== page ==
More than two years later, the brothers’ motivation is still unclear. They self-identified as racial Muslims and their religious beliefs are believed to be a partial motivation for their actions. However, Dzhokhar denied any involvement with an organized terrorist organization, and the authorities never found evidence to link them to a larger terrorist organization, though they did visit al-Qaeda websites, which is where they learned how to build their bombs A5 (Cooper et al., 2013).
In some ways, the fact that the brothers were not affiliated with a larger terrorist organization was a relief for law enforcement officials, who feared an onslaught of carefully planned terrorist attacks. However, in other ways, the fact that the brothers acted outside of a larger group was more terrifying to law enforcement. The concerns was A6 “the two brothers could represent the kind of emerging threat that federal authorities have long feared: angry and alienated young men, apparently self-trained and unaffiliated with any particular terrorist group, able to use the Internet to learn their lethal craft” (Cooper et al., 2013). However, their anger and alienation may explain why they were looking for a cause, but it does little to explain how that anger and alienation led them to stage an attack on people that they did not know at the Boston Marathon.
Furthermore, Dzhokhar indicated that the Boston attacks were just the beginning for the brothers; they intended to carry out similar attacks in New York City. Just as they had no specific targets in the Boston bombings, they had no specific targets in the New York bombings. Instead, their planned goal simply seemed to be hurting people at an iconic American event or location. Clearly, they were motivated by an anti-American sentiment, but examining their backgrounds did not reveal a source for this attitude. There is no evidence that they were mistreated by other Americans since they immigrated to the country. Furthermore, while they indicated that they had ideological problems with the wars in Afghanistan and Iraq, they had no personal contacts with those wars or people directly impacted by those wars.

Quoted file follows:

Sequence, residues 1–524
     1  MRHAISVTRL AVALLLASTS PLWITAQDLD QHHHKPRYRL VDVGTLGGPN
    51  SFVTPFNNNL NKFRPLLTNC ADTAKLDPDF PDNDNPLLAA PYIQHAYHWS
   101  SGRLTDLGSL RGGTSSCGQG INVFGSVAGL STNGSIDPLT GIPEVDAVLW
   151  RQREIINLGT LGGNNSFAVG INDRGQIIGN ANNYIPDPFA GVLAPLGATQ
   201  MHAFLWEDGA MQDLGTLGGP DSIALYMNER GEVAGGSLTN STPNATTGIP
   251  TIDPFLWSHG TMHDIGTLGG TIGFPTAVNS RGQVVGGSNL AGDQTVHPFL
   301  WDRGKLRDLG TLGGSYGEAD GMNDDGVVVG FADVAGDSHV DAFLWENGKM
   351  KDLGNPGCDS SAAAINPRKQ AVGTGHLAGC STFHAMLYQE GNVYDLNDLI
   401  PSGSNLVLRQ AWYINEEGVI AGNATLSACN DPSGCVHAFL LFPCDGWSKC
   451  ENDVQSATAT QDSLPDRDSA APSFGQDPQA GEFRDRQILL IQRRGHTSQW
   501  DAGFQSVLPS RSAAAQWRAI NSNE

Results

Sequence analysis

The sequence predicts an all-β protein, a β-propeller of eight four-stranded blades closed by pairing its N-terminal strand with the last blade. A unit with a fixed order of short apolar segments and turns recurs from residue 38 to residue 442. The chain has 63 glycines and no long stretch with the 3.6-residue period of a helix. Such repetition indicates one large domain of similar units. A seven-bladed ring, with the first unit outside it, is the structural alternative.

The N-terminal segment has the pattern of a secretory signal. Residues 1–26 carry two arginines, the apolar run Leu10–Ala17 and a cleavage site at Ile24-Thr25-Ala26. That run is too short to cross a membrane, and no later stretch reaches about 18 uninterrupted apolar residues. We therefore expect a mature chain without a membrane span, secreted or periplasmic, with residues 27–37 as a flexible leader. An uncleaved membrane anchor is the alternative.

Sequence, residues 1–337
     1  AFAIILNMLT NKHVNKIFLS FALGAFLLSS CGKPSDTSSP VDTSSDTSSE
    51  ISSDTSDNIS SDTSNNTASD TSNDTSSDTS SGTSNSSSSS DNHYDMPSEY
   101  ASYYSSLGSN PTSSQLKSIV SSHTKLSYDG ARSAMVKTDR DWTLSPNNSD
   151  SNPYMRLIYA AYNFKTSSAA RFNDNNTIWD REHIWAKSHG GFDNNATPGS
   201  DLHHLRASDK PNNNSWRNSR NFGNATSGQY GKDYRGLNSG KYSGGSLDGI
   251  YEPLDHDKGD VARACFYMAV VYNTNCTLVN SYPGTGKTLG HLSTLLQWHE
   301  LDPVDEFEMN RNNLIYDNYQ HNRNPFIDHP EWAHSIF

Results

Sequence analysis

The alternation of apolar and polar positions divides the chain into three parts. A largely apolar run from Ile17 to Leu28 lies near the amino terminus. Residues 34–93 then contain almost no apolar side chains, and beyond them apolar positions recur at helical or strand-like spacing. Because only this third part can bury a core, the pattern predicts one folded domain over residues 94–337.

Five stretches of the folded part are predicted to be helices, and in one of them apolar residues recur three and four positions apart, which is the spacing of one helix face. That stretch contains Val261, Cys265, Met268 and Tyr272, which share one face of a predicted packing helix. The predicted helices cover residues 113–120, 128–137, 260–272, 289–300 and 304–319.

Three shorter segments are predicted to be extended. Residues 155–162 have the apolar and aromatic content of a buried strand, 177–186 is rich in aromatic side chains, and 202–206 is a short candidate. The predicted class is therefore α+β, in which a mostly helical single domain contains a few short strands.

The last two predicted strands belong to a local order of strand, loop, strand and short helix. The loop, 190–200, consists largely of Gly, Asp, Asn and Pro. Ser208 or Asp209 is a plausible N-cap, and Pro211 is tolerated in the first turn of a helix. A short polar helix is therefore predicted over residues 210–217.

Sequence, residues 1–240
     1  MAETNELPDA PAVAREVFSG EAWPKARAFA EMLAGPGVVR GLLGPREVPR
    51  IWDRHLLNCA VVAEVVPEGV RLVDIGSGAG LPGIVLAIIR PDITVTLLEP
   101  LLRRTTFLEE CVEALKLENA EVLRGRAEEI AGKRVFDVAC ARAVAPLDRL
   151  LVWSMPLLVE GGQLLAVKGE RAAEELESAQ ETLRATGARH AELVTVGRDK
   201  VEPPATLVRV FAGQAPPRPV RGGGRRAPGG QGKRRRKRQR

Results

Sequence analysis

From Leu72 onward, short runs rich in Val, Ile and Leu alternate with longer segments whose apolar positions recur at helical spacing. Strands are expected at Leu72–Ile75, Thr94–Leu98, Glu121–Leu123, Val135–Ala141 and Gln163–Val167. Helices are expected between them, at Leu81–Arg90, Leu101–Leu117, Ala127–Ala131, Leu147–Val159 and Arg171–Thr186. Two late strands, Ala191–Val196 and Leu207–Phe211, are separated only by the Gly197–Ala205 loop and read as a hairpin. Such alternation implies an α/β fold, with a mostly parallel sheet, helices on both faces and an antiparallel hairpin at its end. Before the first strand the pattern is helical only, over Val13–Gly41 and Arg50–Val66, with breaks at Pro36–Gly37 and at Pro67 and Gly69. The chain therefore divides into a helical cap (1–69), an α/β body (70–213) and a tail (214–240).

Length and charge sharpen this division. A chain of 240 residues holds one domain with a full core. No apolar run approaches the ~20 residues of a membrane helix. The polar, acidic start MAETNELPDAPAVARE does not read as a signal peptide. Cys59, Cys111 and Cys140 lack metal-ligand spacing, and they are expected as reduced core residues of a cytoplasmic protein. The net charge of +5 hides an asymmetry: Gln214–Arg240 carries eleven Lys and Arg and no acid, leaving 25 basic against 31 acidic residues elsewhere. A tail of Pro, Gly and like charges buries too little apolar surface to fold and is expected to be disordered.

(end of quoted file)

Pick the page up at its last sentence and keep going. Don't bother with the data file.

In fact, according to substantial testimony by family and friends, Dzhokhar’s personal experiences in America appear to have been positive. His mother and his brother moved towards more radical Islam after they moved to the United States, as evidenced by his mother’s transition from western-style clothing to traditional Muslim clothing and Tamerlan’s openly religious attitudes. However, Dzhokhar did not seem to be making the same transition and was not described as being overtly religious by those who knew him. In fact, peers described him as a typical but bright American teenager who liked rap music, video games, and fast cars (Richinick, 2015). This description would lend some credence to the idea that Dzhokhar was the follower and his brother Tamerlan the mastermind of the bombing.
In fact, family dynamics seems to have played a far greater role in motivating Dzhokhar to commit his horrible crimes than any religious ideology did. There are a number of witnesses who have suggested that Tamerlan had been having auditory hallucinations for an extended period of time, and that these hallucinations had previously taken “command” form; instructing him to take certain actions (Jacobs et al., 2013). While his parents were aware of these hallucinations, they did not get him any psychiatric treatment. Instead, his mother believed that the cure for his problems was to become more religious, encouraging Tamerlan to embrace Islam and turn away from the partying and the moderate drug use he had adopted (Jacobs et al., 2013). The family came to the United States as very moderate Muslims, but gradually most of the family became more conservative, with only Anzor, the father, refusing to embrace a more radical version of Islam. In addition to Islam, Tamerlan also took an increasing interest in boxing.